In July 1949, well before Boston, Salem embarked on its own “Big Dig” project. To better manage the city’s increased downtown traffic and unite the divided shopping district, city officials proposed reorganizing Salem’s railroad system, including replacing the 1839 railroad tunnel. A new tunnel was recommended; which would move the tracks underground from Bridge Street through Washington Street and to the foot of Canal Street. The $5,500,000 project was overseen by contractor Tony Farina of Farina Brothers, Inc. and was divided into three stages. The plan was met with both optimism and apprehension by locals and business owners. Many merchants worried that the construction would ultimately drive shoppers away instead of bettering Salem's downtown. The project was often met with delays, partly because regular railroad traffic could not be halted during the construction process. Portions of the new tunnel were built while the old tunnel was still in service only feet away.
As part of the new railroad design, the Salem Depot was razed. Built in 1847 for the Eastern Railroad, the Salem Depot long dominated the downtown skyline. The castle-like granite structure was designed by Gridley Bryant, a prominent Boston architect, and stood at the intersection of Washington and Norman Streets. Demolition began in the Fall of 1954 and was completed in the Spring of 1955. In 1958, the site was paved over to create Riley Plaza.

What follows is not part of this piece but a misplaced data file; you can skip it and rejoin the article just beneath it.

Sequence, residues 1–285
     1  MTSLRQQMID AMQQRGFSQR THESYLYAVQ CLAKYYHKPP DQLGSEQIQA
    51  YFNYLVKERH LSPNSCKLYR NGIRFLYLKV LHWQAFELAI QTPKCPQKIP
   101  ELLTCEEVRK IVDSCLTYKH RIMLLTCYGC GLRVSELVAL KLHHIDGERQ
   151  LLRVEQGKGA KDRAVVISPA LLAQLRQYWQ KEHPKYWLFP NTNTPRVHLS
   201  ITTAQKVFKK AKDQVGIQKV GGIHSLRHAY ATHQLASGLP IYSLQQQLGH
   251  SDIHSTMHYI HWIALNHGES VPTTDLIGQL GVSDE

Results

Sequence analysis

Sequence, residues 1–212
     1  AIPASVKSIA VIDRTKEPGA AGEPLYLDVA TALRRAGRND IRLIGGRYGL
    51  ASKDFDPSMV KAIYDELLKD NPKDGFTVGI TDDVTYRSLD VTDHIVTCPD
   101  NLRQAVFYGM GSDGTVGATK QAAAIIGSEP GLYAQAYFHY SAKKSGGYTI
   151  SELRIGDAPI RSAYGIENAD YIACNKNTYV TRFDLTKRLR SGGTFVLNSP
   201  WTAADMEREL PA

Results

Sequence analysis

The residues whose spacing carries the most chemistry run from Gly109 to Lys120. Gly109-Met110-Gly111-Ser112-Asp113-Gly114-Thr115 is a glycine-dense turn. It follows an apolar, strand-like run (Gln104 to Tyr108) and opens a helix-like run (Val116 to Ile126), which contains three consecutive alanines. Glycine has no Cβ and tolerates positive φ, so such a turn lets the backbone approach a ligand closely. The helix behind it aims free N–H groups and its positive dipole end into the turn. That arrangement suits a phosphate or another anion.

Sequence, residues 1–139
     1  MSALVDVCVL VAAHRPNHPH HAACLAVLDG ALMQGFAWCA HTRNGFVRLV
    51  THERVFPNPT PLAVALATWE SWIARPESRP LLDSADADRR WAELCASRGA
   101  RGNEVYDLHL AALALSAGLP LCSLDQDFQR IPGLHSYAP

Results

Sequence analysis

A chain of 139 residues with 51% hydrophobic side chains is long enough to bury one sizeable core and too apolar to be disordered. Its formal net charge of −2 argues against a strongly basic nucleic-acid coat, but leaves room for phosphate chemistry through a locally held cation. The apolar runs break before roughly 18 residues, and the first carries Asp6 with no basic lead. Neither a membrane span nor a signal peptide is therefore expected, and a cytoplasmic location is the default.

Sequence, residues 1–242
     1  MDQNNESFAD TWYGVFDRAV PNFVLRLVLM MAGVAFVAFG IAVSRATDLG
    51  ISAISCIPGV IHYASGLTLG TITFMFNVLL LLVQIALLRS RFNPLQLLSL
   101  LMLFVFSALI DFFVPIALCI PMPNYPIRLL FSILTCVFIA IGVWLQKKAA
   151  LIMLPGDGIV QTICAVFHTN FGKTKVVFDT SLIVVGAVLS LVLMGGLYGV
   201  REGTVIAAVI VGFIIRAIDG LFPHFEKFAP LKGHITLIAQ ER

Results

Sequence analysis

After nearly a decade, on Friday, July 31, 1958, a crowd of 10,000 gathered to watch the end of one era and the beginning of another. As scheduled, the last train through the old tunnel departed for Boston at 8:12 pm. It was followed by a brief ceremony with local officials and a ribbon cutting for the new tunnel by Boston & Maine Railroad President Patrick B. McGinnis. At 9:15 pm, a special train from Beverly with over 600 people on board made the first passage through the new tunnel as crowds cheered from above.
In the following days, after serving Salem for 120 years, the old tunnel was filled in and Washington Street was paved. Boston & Maine Railroad reminisced about this transformation in their Fall 1975 bulletin, stating:
“Looking back today, the glory that was promised Salem by the opening of the new complex has not come to pass. Beset by all the problems of cities in general, Salem has fared worse than some. The merchants’ early fears that many customers lost during the years of upheaval during construction would not return seem to have been valid. Many people who regularly took the train to Salem to shop gave it up due to the inconvenience of its location and the climb to street level. Today, besieged by the suburban shopping centers on all sides, Salem has turned to Urban Renewal as a last resort to save itself. Much progress has been made but only time will tell what effect it will have on the city’s prosperity. In any case, an era ended with the removal of the railroad from the streets of Salem. It is too late to change of that.”
Salem Railroad Tunnel Photographs
Salem Depot Photographs and Ephemera